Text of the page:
It’s a question dentists are often asked – do I really need to floss every day? For years the answer has been a definite yes, however, recent debate has sparked questions over whether flossing really is the key to reducing plaque.
At Peppersmith we believe any debate that gets us all thinking about our dental health is an important one. Here are our thoughts on the flossing question, to help you see what is right for you:
- Flossing has been recommended as a way of reducing plaque for many years, but it is just that – a guideline. The key to achieving great dental health is following advice that is specific to your teeth, given to you from a professional dentist and/or hygienist. If you’re unsure what is right for you, pop into your local dental surgery who will be able to help.
- We are the first to say that it takes more than brushing to look after your teeth, however this doesn’t necessarily mean flossing is the answer. The British Dental Association said that: ‘Small inter-dental brushes are best for cleaning the area in between the teeth, where there is space to do so.’ Consider using interdental brushes to clean between teeth instead of floss; they do the same job and you may find brushes easier to use.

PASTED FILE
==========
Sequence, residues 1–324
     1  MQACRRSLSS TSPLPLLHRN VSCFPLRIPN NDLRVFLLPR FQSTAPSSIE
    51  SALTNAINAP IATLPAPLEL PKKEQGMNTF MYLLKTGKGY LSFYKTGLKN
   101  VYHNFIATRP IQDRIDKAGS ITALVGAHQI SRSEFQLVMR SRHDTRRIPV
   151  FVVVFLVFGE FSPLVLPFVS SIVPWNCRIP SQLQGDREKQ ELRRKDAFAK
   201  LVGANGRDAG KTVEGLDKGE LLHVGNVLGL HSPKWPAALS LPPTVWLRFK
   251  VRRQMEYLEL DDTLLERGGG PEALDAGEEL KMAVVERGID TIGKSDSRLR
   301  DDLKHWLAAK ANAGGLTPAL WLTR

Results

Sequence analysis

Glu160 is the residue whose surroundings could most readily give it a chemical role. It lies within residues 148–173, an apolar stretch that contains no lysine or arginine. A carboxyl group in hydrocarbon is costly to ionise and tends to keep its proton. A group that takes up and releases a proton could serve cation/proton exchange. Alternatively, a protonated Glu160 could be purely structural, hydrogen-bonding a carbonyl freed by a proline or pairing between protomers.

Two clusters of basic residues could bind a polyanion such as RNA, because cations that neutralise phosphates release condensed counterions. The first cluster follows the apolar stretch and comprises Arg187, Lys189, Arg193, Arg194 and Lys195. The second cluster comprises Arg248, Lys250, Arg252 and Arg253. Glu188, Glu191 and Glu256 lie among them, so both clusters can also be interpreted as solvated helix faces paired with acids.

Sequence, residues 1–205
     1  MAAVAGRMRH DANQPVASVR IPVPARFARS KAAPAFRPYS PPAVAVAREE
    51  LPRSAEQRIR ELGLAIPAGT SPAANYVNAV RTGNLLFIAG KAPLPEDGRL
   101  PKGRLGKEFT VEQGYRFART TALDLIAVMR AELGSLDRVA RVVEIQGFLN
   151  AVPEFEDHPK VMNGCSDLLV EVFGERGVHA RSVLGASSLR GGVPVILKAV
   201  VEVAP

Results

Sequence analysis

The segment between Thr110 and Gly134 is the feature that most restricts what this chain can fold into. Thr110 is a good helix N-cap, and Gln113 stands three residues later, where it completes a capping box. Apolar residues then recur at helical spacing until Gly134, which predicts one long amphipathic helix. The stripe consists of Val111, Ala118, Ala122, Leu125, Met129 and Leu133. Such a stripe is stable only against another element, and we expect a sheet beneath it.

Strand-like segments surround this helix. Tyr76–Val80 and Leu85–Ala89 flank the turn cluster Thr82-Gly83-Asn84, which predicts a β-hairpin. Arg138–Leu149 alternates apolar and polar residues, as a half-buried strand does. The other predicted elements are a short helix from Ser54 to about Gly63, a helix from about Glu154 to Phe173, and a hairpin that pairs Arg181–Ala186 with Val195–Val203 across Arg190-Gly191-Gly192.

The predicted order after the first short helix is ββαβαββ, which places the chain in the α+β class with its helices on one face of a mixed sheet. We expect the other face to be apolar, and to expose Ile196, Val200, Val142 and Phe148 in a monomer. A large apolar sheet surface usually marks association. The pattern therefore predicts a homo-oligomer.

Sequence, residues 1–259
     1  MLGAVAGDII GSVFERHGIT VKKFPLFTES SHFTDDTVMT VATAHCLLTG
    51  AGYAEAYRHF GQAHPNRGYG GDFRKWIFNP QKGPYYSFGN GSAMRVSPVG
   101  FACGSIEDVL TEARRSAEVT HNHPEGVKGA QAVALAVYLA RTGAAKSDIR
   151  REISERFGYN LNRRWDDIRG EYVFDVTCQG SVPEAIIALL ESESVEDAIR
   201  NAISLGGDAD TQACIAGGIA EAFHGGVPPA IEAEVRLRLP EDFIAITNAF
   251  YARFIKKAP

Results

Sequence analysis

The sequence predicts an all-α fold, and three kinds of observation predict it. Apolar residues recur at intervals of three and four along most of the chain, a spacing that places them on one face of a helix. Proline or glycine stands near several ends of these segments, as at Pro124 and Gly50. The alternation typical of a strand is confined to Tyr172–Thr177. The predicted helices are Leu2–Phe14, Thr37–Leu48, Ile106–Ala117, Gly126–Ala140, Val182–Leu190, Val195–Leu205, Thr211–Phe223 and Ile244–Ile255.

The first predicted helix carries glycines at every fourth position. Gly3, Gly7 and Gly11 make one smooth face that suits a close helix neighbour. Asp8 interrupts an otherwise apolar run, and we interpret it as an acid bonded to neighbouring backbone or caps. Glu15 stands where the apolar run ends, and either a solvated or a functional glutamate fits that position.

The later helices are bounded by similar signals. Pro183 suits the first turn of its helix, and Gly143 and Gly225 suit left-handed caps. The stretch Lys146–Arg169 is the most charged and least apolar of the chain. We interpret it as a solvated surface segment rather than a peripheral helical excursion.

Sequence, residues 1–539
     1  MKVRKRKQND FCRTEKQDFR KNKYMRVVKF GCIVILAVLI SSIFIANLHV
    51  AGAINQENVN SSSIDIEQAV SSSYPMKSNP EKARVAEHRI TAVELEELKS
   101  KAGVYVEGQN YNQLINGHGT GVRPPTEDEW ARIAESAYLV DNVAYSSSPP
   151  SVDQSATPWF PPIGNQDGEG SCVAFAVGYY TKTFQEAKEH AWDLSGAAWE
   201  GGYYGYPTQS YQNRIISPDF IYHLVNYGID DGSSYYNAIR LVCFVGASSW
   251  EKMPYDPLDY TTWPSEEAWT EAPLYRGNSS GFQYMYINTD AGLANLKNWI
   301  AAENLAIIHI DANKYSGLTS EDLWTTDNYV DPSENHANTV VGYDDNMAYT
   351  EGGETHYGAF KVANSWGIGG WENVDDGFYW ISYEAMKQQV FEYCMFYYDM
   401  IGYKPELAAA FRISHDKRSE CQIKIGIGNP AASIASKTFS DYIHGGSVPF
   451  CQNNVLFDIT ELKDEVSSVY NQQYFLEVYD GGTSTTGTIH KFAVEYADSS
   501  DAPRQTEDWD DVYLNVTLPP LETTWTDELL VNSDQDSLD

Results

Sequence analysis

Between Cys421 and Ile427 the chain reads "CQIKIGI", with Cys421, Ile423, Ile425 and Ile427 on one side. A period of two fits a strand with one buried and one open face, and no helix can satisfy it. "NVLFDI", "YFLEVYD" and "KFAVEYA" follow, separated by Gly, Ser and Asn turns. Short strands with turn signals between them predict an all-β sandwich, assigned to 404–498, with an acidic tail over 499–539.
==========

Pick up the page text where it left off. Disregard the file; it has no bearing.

- Some experts even say flossing can cause damage, not just prevent it. Flossing can be tricky, and when done improperly it can damage teeth and gums. If you do choose to floss, take care when you do it and seek advice from a dentist if it is causing any pain.
- Whether or not you decide flossing is right for you, there are other ways you can prevent damage before it strikes. Have you thought about how to protect your teeth throughout the day, after you eat or drink? Try 100% xylitol mints and gum, such as Peppersmith, which are proven to reduce harmful bacteria in the mouth which prevents plaque from forming and hence less need to floss in the first place. You can find out more about how Peppersmith can reduce plaque by watching our video.
At Peppersmith we are certainly not anti-flossing, lots of dentists and hygienists recommend it and so long as you’re not causing yourself any damage in the process it is a good way to reduce plaque. If you are not convinced or just don’t get on with a flossing routine, the good news is there are other things you can do to keep your gnashers in great nick.
What are your thoughts on flossing? Let us know by commenting below or saying hello on Twitter @PeppersmithUK.